Not Having Enough to Eat Leads to Poor Glycemic Control

People who worry about having enough food to eat, which is called food insecurity, are more likely to have worse glycemic control than people with sufficient access to food, according to a new study from the American Diabetes Association.

Research published in 2012 found that diabetes risk was approximately 2.5 percent higher in households with food insecurity - suggesting that not only is diabetes directly linked to socioeconmic factors, but that diabetes management is also intricately linked to income and availability of resources.

In the new study, researchers analyzed how food insecurity impacts glycemic control in patients who reported they couldn't afford to buy healthy foods. The team measured factors like having enough to eat in the last 30 days, what percentage of vegetables were eaten at each meal and the differences in A1C levels between food-secure and food-insecure patients.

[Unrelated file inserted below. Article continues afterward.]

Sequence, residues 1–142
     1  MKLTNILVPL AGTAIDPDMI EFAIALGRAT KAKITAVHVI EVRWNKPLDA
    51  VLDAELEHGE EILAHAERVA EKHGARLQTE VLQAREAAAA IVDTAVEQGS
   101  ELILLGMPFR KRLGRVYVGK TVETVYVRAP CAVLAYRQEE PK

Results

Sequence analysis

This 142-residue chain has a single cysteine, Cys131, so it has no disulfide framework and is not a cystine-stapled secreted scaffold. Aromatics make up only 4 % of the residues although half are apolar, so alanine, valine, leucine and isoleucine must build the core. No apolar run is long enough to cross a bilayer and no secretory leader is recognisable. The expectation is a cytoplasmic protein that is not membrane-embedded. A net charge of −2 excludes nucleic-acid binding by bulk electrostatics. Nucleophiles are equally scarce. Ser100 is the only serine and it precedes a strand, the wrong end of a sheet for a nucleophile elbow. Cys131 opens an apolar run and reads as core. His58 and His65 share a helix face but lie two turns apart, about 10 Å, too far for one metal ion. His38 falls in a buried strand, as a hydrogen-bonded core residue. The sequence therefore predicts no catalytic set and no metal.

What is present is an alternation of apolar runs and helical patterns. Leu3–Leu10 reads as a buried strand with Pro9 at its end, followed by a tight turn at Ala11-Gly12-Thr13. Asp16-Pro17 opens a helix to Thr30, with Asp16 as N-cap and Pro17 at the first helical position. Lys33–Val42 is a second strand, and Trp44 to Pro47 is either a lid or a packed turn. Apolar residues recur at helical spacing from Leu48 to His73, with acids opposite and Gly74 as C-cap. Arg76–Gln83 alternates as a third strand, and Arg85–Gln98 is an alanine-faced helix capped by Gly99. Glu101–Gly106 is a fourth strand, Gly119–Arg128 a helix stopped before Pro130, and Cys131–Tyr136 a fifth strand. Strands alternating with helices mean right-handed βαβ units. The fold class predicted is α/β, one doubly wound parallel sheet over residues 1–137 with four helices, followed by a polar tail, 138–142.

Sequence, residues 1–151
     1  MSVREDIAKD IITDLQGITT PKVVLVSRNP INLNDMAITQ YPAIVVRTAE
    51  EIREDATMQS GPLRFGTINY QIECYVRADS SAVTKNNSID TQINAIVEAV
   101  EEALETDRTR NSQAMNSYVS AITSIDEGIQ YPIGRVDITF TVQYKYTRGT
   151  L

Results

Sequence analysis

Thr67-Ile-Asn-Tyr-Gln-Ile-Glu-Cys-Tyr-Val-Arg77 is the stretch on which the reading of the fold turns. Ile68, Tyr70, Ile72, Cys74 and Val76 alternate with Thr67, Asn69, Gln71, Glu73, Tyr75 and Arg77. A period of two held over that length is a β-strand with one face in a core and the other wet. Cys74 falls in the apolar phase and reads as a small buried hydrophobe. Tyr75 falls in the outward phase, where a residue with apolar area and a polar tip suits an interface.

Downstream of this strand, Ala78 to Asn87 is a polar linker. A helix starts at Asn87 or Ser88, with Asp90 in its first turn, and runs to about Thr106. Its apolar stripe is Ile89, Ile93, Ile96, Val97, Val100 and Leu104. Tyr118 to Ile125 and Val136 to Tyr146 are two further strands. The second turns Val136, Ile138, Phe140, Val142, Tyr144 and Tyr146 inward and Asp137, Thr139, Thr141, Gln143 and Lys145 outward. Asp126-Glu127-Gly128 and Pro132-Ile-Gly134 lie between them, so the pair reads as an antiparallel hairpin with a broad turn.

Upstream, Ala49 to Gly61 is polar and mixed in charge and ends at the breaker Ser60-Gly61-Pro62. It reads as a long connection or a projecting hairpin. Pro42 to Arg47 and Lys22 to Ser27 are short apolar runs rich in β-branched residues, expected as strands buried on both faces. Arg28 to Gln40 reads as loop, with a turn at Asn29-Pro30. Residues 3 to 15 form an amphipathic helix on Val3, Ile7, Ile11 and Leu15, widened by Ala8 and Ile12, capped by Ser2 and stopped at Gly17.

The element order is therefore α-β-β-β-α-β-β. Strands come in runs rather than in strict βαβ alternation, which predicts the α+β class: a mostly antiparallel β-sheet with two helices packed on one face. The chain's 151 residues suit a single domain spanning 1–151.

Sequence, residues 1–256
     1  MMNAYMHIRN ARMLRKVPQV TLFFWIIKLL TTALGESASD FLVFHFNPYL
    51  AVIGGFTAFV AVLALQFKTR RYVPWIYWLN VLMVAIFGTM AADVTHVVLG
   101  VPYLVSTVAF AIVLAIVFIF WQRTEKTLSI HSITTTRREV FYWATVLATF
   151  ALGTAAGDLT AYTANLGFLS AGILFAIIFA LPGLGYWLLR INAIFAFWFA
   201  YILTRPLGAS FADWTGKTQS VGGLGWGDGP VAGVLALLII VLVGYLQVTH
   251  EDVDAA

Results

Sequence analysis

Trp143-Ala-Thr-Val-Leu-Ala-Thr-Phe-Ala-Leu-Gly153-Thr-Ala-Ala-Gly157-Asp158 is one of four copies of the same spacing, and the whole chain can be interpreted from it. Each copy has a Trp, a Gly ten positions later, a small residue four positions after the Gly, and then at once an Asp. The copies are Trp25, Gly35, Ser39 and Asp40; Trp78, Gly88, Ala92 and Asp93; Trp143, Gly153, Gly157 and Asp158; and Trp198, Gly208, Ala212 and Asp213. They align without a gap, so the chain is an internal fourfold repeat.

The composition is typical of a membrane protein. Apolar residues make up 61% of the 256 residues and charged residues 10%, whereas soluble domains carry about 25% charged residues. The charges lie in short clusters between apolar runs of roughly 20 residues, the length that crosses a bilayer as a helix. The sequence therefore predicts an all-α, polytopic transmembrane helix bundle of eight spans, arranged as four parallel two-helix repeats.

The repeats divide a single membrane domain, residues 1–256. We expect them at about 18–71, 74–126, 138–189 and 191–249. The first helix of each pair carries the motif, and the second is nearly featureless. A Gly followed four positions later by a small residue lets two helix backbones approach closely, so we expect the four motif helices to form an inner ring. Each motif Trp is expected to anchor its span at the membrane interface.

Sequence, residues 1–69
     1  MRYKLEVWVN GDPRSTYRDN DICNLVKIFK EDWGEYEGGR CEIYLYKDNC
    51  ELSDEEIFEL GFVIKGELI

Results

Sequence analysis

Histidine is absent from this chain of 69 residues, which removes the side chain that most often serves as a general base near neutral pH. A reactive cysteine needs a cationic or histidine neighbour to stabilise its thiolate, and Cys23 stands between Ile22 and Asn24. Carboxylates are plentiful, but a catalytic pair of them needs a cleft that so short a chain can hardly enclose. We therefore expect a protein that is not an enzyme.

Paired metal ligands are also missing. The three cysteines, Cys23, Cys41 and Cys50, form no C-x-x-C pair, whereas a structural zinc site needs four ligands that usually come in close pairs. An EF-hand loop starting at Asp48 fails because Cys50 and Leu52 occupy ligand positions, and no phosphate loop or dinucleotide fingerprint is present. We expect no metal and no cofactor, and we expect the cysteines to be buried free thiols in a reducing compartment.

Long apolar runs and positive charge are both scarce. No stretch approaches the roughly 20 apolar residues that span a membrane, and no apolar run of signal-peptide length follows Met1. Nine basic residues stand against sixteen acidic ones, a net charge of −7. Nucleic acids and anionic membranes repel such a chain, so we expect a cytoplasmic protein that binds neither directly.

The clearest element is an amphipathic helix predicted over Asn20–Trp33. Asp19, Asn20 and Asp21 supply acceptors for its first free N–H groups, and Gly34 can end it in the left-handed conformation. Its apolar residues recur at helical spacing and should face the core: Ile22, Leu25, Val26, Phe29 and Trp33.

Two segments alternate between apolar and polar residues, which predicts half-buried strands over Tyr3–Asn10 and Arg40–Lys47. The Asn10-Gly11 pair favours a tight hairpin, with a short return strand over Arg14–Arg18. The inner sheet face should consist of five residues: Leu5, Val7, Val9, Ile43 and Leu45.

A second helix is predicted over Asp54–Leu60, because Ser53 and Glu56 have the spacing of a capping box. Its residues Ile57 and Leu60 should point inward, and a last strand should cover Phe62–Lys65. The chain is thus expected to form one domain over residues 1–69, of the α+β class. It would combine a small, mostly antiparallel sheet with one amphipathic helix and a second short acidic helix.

A nutrient density problem

While both groups consumed comparable calories, there was a marked difference in nutrient density consumption between food-secure and non-secure individuals.

"We found that those patients who were food insecure had higher A1C levels and ate fewer vegetables," said Britt Rotberg, Assistant Director of the Emory Diabetes Education Training Academy, Emory Latino Diabetes Education Program at the Emory School of Medicine.

Those who were food insecure had average A1C levels of 9.9 percent, while food-secure individuals had average A1C levels of 7.6 percent.

People with food insecurity were also less likely to consume non-starchy vegetables with meals.

"These findings underscore the importance of individualized diabetes management, and the need to take into account not only patients' socioeconomic status, but food availability, when discussing diabetes self-management," Rotberg said. "We should find new ways to help our food insecure patients obtain nutritionally adequate foods."

Source: American Diabetes Association

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